Deuterobaruchian Pearls

For the youth of this world has passed away, and the power of creation is already exhausted, and the coming of the times is very near and has passed by. And the pitcher is near the well, and the ship to the harbor, and the journey to the city, and life to its end.

——2 Baruch 85.10

But now, the righteous have been assembled, and the prophets are sleeping. Also we have left our land, and Zion has been taken away from us, and we have nothing now apart from the Mighty One and his Law.

——2 Baruch 85.3

And it will happen at that time that those treasuries will be opened in which the number of the souls of the righteous were kept, and they will go out and the multitudes of the souls will appear together, in one assemblage, of one mind. And the first ones will enjoy themselves and the last ones will not be sad.

——2 Baruch 30.2

Adam is, therefore, not the cause, except only for himself, but each of us has become our own Adam.

——2 Baruch 54.19

Biblioblog versus Biblicablog

So, because Esteban brought up my suggestion made in Biblical Studies Carnival XXVI (search the page for “biblicablog”) for an alternative monicker for blogs devoted to Bible-related issues, namely “biblicablog” in preference to the unspecific and widely otherwise-used “biblioblog,” I myself have bitten the bullet to count usage. In a Google search of “biblioblog” I received 552 hits. I just looked at every single one of those hits and made a tally of whether “biblioblog” is used in reference to Bible-related blogs, or general book-related blogs, including book reviews, library sites, etc. The findings:

Biblical: 129
Book-related: 360
Uncertain/neither: 5

So, on usage alone, we should find in favor of my neologism biblicablog, which with its seven Google hits, 4 relate to Biblical Studies, and 3 are domain name lists, so uncertain or unclaimed. It is, however, quite certain that no one wishing to form a blog of book reviews or on library science would choose any of the biblicablog domains, simply because the root biblica- refers to the Bible exclusively.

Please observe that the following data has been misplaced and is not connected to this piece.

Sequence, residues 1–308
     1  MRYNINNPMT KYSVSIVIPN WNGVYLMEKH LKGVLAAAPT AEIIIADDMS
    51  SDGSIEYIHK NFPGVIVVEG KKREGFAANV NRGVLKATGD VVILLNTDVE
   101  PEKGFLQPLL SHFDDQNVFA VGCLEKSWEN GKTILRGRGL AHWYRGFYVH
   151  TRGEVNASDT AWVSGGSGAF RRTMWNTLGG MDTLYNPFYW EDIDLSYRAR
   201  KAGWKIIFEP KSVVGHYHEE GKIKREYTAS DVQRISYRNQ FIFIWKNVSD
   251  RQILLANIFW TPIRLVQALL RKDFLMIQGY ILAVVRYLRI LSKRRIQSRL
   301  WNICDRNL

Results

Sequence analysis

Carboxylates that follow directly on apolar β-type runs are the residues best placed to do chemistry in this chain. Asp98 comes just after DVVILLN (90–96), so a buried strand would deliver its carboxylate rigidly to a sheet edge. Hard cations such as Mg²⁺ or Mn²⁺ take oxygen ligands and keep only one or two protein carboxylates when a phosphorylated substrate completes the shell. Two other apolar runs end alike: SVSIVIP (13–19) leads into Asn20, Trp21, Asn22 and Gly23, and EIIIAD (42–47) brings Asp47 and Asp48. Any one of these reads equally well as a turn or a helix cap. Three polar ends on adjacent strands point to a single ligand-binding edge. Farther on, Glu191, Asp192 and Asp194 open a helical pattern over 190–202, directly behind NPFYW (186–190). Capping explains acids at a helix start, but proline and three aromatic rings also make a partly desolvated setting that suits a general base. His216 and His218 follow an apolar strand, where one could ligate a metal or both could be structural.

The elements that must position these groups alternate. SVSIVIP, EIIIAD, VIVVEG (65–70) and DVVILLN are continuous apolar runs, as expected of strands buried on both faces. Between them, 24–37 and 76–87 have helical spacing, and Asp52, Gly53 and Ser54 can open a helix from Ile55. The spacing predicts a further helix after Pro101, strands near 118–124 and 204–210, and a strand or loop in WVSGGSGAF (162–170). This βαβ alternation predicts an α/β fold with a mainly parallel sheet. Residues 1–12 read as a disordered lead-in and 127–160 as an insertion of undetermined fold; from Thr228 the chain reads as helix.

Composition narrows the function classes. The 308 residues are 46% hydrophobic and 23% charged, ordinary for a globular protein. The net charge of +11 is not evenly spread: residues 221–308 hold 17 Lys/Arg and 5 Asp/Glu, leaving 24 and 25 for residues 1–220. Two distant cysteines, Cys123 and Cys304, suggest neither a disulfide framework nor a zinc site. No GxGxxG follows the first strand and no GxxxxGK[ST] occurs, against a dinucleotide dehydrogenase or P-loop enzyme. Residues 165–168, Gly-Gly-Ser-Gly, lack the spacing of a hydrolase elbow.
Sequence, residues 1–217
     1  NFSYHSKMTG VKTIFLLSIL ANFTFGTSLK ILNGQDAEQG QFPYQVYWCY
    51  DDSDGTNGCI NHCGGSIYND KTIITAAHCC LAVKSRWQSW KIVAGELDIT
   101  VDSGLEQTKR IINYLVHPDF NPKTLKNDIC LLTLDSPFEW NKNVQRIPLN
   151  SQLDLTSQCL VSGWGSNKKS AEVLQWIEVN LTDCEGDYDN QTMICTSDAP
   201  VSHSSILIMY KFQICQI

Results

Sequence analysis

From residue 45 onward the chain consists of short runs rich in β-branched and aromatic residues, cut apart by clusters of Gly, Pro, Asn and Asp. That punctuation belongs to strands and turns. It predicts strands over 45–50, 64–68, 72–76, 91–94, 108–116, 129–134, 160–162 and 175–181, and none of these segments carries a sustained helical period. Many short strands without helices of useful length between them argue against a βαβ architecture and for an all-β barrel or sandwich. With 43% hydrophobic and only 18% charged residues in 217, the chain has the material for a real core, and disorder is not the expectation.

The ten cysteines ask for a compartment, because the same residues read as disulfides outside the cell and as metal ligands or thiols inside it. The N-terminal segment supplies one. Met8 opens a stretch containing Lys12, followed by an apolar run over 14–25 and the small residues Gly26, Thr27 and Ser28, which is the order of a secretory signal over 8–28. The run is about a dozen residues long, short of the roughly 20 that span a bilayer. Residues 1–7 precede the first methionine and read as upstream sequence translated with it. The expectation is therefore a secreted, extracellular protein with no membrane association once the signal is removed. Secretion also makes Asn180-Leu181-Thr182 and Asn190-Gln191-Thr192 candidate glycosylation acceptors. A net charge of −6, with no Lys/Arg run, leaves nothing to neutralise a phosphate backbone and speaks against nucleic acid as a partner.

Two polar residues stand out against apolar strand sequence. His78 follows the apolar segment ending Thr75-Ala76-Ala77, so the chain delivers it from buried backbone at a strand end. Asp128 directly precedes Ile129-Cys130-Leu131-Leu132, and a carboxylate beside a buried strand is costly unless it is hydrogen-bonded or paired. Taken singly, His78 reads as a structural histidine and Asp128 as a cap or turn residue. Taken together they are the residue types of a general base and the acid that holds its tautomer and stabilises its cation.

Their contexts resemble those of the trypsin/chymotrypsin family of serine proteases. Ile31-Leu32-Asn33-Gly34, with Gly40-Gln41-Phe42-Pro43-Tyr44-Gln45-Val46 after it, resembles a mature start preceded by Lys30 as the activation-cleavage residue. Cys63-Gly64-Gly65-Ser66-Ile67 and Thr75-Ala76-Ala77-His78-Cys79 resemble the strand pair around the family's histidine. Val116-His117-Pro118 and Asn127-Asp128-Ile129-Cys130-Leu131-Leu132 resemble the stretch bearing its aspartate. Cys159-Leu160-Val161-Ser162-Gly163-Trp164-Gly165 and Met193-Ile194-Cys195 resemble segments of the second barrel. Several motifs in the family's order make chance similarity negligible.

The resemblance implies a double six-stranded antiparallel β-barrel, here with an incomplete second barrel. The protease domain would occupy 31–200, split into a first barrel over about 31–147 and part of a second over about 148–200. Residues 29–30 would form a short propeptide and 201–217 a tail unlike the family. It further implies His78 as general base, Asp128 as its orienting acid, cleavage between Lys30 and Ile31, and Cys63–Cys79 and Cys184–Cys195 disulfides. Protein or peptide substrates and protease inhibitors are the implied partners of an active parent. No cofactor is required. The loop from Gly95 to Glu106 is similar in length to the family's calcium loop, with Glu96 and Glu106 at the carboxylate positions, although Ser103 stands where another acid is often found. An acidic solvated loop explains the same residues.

Now, I understand there is a certain amount of inertia, if not stubbornness involved in sticking with “biblioblog” as a description blogs devoted to Biblical Studies. But the word does not mean that etymologically, and usage is likewise against it, not merely in English, but internationally. Take a look at and, for instance, or go ahead and do the whole Google thing yourself and see how overwhelmingly, by a factor of 2 to 1, biblioblog is used in reference to book- or library-related blogs, thus hewing closer to the root meaning of biblio- as referring to books in general and not merely one specific subset of books (ta biblia) or one book (the Bible).

Sticking to “biblioblog” and maintaining that its referent is “Biblical Studies” or more widely the Bible is what I’ve always thought of as a Humpty-Dumptyism:

“When I use a word,” Humpty Dumpty said in rather a scornful tone, “it means just what I choose it to mean

International Septuagint Day!

On the LXX list, Bob Kraft reminds us (once and twice) that today is International Septuagint Day!

To quote the inestimably esteemed Professor Kraft: “Do something septuagintal today, from a septuaginarian.”

The date was established last year by the IOSCS in 2006, reflecting, as Kraft says, “the one date we know of from late antiquity on which LXX/OG/Aquila received special attention (in Justinian’s Novella 146).” This novella (or imperial rescript or command) permitted the Jews of the empire (which now included much of the just-recovered west) to read the Scriptures in their synagogues in Greek, Latin, or any language they choose. Previous laws had restricted their public readings to Hebrew. This novella was published 8 February 553 AD.

The Face of the Deep (1.7-8)